RALEIGH (June 26, 2018) — Due to rare bipartisan cooperation, on June 15, the General Assembly expanded access to Certificates of Relief, passing HB 774 by unanimous votes in both the NC House and Senate. Yesterday, Governor Cooper signed the bill into law, which will go into effect on December 1, 2018, and apply to petitions filed on or after that date.
This bill, for which members of the NC Second Chance Alliance fiercely advocated during several legislative sessions, provides judges the discretion to reduce civil barriers to employment, housing, and other essential resources by issuing certificates of relief to significantly more individuals that are currently in need.
HB 774 was successful because people with criminal records walked the halls of the North Carolina legislative building and described their struggles to find employment, housing, and other basic opportunities to their lawmakers. Their voices were supported and uplifted by a coalition of impacted family members, civil rights and racial justice advocates, congregations, employers, law enforcement officials, and state and local elected officials asking state legislators to restore basic economic opportunities by replacing automatic exclusions with individualized and fair assessments. (Learn more about barriers to employment triggered by criminal records and the impact on recidivism in the June 2018 report of the North Carolina Sentencing and Policy Advisory Commission.)
A bipartisan group of legislators were responsive to this human need as well as the opportunity to reduce recidivism by restoring opportunities for prosperity, including Senators Shirley Randleman, Warren Daniel, Floyd McKissick, Tamara Barringer, and Brent Jackson, and Representatives John Faircloth, Chuck McGrady, Sara Stevens, John Hardister, and Pricey Harrison.
Unlike an expunction, the certificate does not obscure or change the criminal record itself. Instead, it addresses a broad range of civil disabilities imposed by the state and shields employers, landlords, and other decision makers from the risk of certain types of negligence liability, making it more likely these decisions makers will hire, rent to, or otherwise grant an opportunity to a certificate holder. The new law will expand certificate of relief eligibility to people with multiple misdemeanor and low-level felony convictions. Current eligibility is one incident of up to two convictions of a Class G, H, or I felony or misdemeanor. H774 expands eligibility to people with up to three incidents of Class H and I felony convictions and an unlimited number of misdemeanor convictions. According to this report, 92 percent of all criminal convictions last year are potentially eligible for relief, including a majority of felony convictions.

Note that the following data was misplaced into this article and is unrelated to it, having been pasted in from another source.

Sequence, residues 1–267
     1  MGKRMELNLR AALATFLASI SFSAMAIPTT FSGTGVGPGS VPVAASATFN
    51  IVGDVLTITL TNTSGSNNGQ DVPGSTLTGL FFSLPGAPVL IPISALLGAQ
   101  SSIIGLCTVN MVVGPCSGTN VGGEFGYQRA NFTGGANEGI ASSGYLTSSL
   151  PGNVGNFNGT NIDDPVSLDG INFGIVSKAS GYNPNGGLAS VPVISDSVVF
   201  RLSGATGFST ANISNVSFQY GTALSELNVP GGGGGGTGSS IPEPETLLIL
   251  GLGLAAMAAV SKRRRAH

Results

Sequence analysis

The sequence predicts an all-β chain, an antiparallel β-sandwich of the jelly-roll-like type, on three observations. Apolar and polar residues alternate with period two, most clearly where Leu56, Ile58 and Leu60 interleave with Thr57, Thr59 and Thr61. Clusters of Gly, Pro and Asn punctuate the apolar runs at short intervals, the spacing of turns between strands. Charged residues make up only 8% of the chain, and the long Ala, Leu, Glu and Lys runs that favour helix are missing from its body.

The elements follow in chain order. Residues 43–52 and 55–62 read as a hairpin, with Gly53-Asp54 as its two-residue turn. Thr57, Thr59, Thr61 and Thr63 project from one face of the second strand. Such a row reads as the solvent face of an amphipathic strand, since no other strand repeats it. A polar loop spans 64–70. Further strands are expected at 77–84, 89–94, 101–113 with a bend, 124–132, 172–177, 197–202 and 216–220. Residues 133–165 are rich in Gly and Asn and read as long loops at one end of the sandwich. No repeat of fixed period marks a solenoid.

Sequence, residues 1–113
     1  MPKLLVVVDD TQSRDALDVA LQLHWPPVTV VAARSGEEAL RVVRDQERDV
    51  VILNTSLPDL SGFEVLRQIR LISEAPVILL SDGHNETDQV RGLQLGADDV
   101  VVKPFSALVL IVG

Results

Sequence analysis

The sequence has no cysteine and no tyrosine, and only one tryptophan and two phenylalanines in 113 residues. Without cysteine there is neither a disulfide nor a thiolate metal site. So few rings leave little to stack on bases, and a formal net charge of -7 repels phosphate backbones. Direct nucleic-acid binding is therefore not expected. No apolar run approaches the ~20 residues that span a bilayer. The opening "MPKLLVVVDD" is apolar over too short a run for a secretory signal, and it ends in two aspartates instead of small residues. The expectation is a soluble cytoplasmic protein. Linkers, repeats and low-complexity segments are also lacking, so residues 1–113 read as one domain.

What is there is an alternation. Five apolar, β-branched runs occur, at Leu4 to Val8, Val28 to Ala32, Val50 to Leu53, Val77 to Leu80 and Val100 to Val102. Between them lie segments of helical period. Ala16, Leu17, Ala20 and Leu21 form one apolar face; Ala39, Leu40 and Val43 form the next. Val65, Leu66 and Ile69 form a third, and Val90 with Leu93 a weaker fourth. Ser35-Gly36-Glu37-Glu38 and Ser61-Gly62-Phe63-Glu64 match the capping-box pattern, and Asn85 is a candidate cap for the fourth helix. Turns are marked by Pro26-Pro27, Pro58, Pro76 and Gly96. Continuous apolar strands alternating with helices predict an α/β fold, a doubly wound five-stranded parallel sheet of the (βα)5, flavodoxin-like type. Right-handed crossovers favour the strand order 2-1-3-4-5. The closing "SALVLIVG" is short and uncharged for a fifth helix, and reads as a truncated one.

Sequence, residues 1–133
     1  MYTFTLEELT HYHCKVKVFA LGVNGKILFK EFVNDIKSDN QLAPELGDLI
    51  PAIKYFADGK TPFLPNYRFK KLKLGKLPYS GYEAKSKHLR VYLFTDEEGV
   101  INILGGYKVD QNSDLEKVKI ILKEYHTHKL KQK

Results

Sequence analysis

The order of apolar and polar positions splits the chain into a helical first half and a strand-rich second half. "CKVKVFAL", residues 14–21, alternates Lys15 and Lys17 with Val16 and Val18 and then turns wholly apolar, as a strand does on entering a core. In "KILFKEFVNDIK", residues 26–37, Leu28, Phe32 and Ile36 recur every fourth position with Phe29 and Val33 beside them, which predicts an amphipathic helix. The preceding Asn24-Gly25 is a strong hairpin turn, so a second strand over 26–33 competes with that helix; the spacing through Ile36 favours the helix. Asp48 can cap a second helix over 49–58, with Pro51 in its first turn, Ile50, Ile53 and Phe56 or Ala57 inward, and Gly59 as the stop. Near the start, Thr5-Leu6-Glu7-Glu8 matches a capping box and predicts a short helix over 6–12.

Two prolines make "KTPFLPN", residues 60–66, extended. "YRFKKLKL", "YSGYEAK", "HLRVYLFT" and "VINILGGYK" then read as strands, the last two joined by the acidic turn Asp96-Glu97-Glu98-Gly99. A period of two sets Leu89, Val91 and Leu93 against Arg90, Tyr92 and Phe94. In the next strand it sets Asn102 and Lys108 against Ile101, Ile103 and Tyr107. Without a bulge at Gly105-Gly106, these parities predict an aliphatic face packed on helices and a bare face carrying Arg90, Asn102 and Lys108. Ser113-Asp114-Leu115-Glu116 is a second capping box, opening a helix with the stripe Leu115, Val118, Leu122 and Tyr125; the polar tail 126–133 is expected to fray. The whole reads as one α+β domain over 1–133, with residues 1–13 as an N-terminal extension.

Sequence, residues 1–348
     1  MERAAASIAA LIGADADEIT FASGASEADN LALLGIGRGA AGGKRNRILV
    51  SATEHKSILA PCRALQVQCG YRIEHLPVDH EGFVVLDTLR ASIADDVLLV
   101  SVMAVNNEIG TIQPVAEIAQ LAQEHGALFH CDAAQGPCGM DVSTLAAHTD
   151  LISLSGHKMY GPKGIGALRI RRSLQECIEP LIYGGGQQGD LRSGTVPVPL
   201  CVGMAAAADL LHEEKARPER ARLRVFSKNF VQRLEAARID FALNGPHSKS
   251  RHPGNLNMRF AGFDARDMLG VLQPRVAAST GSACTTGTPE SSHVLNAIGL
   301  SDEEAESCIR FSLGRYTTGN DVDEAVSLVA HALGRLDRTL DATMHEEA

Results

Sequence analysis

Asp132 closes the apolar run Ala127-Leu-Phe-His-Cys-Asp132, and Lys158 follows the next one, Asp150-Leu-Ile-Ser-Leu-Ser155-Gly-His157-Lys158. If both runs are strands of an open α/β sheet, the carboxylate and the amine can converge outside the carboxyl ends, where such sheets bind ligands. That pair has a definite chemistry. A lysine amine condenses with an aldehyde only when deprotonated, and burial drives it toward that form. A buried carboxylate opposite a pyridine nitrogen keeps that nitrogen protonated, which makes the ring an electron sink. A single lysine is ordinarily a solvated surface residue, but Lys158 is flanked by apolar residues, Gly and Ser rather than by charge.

A long-term goal of the NC Justice Center and NC Second Chance Alliance is to provide a judge discretion to issue a certificate of relief to any individual reentering society and able to satisfy the requirements of the statutes and convince a judge to issue the certificate. A court of original conviction may issue a certificate of relief if all of the following criteria are satisfied: (a) 12 months have passed since the individual completed his or her sentence; (b) the individual is engaged in, or seeking to engage in, a lawful occupation; (c) the individual has complied with all requirements of his or her sentence; (d) a criminal charge is not pending against the individual; and (e) issuing the certificate would not pose a risk to the safety or welfare of the public or any individual.
Based on the experiences of other states, we believe certificates of relief will meaningfully improve the employment prospects for certificate holders and improve community safety.
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